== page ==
18 OCTOBER 1963, Page 21


False Witness

By DAVID PRYCE-JONES DR. ARENDT'S opening chapter* strikes the postures of a bully. The Eichmann trial, she advances straightaway, was a show, with Ben-Gurion 'the invisible manager of the pro- ceedings,' and in the Israeli intention `the audi- ence at the trial was to be the world and the play the huge panorama of Jewish sufferings,' for this case was built on what the Jews had suffered, not on what Eichmann had done.' In her opinion, this was misconceived by the prose- cution, and because of the Israeli Attorney- General's personal faults of showmanship, rhetoric and plain ignorance, it was also mis- handled. She takes it for granted that this per- formance corresponded to the underlying Israeli assumption of the trial: `that it was the business of Jews to sit in judgment on their enemies,' and so she finds a key sentence of the prosecution in the statement, `if we shall charge [Eichmann] also with crimes against non-Jews . . . this is because we make no ethnic distinctions.' In effect, this was to spell out the lessons of anti-Semitism to Gentiles and Arabs, but more particularly to those Jews' of the Diaspora who have still not accepted the full Zionist conclusions.t

On such subjects, touching so many suscepti- bilities, offence is easily given and this chapter of Dr. Arendt's book has touched off a scandal which is all the more understandable because the writing has an ironic tone, almost mocking, a little patronising. In the remaining chapters, how- ever, Dr. Arendt licks the bully into shape, so that after some Hegelian merging of contra- dictions, she can finally address a classroom more or less reconciled, though with a tongue defiantly stuck out here and there.

It turns out that most of •Dr. Arendt's points about the trial itself are legalistic. The crux was that Eichmann, living in the Argentine, would not have been brought to trial anywhere but in Israel, even though this necessitated a kidnapping which could at best be justified under some prin- ciple of universal jurisdiction, or as an 'act of State.' She writes: 'To the question most com- monly asked about the Eichmann trial: What good does it do?, there is but one possible answer: It will do justice.' This seems sufficient to cut through formalistic objections. She argues that this trial was properly no more than the last of the post-war Successor trials and 'once the Jews had a territory of their own, they obviously had as much right to sit in judgment on the crimes committed against their people as the Poles had to judge crimes committed in Poland.' The failure then, lay ultimately not so much in the proceed- ings nor even in the 'elaborate sophisms' sur- rounding them as in the exaggerated respect for legal precedence shown by the Israelis.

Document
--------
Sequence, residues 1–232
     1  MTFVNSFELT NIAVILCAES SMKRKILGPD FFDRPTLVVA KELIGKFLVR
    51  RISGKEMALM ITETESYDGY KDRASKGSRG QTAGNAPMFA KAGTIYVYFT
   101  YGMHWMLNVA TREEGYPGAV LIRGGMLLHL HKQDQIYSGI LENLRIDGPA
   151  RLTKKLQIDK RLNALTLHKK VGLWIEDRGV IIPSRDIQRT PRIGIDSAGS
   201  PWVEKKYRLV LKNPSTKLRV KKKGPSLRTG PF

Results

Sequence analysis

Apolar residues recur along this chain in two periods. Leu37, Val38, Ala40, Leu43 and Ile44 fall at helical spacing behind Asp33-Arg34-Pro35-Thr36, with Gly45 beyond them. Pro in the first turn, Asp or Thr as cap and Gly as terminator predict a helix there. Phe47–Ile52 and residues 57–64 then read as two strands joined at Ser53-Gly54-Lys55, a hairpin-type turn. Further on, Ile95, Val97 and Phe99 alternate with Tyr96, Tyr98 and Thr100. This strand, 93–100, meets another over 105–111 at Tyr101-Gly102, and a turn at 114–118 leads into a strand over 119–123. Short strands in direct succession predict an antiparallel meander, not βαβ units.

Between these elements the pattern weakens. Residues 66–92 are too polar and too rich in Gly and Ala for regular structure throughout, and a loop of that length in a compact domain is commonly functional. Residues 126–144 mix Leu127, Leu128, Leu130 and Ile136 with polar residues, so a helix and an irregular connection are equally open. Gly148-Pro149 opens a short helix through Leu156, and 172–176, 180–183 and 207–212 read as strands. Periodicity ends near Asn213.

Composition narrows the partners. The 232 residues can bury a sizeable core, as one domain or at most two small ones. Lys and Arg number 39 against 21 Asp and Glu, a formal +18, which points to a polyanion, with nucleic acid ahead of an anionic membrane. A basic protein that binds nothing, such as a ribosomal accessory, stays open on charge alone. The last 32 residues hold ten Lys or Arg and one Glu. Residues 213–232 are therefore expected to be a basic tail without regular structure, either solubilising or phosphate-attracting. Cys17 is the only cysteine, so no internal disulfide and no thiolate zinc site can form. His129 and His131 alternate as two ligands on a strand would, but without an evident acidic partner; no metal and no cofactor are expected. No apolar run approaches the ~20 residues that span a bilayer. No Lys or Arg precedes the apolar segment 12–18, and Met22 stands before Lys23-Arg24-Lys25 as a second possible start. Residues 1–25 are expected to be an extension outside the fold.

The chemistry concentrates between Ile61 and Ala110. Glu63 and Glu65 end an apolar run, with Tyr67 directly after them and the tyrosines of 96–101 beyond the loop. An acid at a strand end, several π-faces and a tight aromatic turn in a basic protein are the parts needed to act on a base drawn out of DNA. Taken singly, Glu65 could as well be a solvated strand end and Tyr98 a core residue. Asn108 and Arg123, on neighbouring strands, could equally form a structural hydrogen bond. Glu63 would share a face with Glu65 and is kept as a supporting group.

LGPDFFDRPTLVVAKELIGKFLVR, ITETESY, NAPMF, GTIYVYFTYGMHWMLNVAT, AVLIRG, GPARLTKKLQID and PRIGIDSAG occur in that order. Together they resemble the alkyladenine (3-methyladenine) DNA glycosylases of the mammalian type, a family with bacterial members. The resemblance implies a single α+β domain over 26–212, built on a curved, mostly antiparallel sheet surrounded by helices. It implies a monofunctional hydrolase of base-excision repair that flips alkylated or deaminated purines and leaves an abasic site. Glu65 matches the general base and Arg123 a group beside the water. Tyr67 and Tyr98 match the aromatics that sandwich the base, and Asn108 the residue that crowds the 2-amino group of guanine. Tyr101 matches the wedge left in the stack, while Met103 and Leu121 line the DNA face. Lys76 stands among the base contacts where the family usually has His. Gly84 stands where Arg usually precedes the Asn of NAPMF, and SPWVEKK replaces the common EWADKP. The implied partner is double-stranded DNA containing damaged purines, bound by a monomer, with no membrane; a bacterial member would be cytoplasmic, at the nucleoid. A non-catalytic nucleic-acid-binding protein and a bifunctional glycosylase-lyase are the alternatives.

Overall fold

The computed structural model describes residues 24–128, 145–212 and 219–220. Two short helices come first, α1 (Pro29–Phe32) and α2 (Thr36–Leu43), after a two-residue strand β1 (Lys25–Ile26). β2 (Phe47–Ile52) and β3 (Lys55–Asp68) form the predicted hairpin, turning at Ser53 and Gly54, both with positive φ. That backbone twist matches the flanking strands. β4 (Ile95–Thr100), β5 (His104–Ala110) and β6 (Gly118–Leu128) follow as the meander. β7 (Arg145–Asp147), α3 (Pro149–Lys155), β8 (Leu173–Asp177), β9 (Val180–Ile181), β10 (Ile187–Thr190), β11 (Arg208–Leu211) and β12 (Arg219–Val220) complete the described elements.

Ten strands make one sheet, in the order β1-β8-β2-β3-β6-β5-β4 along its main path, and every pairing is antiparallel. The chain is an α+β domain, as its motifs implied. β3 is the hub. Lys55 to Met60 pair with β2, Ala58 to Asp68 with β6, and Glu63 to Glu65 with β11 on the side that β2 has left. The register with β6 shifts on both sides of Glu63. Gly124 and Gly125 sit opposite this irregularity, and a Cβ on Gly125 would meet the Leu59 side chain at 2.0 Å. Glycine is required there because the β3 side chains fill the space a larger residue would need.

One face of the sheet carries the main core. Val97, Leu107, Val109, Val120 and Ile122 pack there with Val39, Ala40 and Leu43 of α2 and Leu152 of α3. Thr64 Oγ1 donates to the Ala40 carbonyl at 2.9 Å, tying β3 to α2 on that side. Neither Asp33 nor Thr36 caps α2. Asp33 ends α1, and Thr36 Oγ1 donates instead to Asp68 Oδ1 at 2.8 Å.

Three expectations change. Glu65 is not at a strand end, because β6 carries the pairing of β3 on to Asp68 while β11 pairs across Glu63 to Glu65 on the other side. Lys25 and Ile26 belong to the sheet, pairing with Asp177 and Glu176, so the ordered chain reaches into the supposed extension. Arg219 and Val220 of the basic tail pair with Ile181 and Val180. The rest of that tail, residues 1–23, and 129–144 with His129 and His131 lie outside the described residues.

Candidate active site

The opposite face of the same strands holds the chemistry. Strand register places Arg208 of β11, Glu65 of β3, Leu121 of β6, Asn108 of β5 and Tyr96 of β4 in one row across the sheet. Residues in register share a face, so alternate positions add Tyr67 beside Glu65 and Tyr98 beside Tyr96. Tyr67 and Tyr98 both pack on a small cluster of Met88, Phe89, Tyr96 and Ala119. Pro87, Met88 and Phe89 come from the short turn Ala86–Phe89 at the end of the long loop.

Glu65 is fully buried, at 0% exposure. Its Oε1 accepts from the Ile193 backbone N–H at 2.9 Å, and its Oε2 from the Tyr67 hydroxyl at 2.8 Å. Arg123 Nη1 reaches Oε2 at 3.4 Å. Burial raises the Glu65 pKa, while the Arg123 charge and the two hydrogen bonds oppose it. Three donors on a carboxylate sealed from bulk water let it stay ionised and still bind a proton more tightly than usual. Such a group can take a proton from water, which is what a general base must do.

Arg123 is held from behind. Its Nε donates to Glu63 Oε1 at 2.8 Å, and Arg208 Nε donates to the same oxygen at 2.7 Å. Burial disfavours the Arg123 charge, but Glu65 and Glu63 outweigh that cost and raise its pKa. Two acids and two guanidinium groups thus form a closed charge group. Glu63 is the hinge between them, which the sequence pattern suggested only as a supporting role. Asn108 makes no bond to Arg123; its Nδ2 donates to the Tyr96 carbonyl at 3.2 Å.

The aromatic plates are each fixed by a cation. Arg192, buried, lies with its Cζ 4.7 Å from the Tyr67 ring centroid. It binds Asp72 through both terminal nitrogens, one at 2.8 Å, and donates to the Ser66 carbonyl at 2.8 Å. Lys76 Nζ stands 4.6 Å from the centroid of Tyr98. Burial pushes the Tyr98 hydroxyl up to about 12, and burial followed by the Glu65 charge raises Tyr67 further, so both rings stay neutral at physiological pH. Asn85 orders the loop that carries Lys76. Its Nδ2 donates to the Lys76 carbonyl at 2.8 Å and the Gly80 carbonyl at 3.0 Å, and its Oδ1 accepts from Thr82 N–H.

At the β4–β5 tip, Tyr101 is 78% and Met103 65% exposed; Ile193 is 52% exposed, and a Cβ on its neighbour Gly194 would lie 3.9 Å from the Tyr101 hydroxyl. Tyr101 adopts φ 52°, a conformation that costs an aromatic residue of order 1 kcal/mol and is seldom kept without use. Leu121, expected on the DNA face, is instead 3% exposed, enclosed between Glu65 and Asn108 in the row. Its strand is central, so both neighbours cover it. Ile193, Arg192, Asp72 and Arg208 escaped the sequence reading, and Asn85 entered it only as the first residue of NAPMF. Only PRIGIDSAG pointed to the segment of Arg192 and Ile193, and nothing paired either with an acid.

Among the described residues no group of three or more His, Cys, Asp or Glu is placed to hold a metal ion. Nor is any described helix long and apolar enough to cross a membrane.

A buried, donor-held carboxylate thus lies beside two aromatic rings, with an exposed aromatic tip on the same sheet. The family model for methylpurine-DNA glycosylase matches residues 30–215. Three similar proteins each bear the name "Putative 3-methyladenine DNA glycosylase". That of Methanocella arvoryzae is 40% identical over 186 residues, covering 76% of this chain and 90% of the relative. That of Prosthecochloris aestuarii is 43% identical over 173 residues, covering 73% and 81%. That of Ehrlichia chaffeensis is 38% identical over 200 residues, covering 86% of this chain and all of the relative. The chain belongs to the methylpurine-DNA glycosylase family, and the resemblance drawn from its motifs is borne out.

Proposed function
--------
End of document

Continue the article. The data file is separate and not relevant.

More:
This hesitancy covered up a vital distinction, in that the Israelis tended to see Eichmann's crime

* EICI IM ANN IN r.si. By Hannah Arendt.

(Faber, 25s.)

t A book along mese lines is Moshe Pearlman's 'HE CAPTURE URE AND 1 RIAL OF ADOLF EICHM ANN (Weidenfeld, 50s.).

as the culmination merely of the most ferocious pogrom in history whereas in fact it was some- thing new, genocide, and since this new crime is likely to recur in the future, a combative definition must be based on some clear proposi- tion of the human right to survival. The negation of this right led Eichmann to the gallows, and it would have been a creative act of international law for the judges to say so. Dr. Arendt would have preferred them to dare address Eichmann in these terms: 'Just as you supported and car- ried out a policy of not wanting to share the earth with the Jewish people and the people of a num- - ber of other nations—as though you and your superiors had any right to determine who should and who should not inherit the world—we find that no one . . can be expected to want to share the earth with you.'

The flaw in this seems to be its lack of realism : since no one wants to share the earth with Nazis, should they all be-sentenced to death as a result? Certainly it is no mitigation to plead that 'where all, or almost all are guilty, nobody is,' but is the obverse more than an abstraction, that poten- tiality of crime in all the members of a totalitarian State amounts to the actuality? Where and how does one draw the line?

The interest, and part of the scandal, of Dr. Arendt's book lies in this attempt at rethinking the problems posed by obedience to a totalitarian power and the punishment that it subsequently deserves. 'The facts of the case,' she writes, 'of what Eichmann had done—though not of every- thing the prosecution wished he had done—were never in dispute; they had been established long before the trial started, and had been confessed to by him over and over again. There was more than enough, as he occasionally pointed out, to hang him.' To deal with Eichmann then, was to draw down to the roots of the Nazism of which he was a representative, and one, too, who was rather less criminal than most, more 'idealistic' in the Nazi conception, in that he was making his career not so much by the corruption so fre- .quently found in bureaucrats at his level, as by obedience to the law of the Ffihrer. His idea of duty and of conscience, even the language in which he expressed himself right up to, his death, were impressed upon him not by an intrinsic depravity but by the society around him, par- ticularly those Nazi supporters whom he could accept as setting a social example. Hence Eich- mann could see his own career as one long hard- luck story; hence his mind was filled with 'human interest stories of the worst type' while he could forget the nature of his work; hence he did not lie as a cold-blooded murderer but revealed him- self in all his shabby limitations, an opportunist, a self-deluder with a mania for writing and speak- ing about himself as he wished to see himself. This account of Eichmann's mentality' is coherent and plausible, and although it runs counter to the prosecution's presentation, it finds support in the sentencing judgment.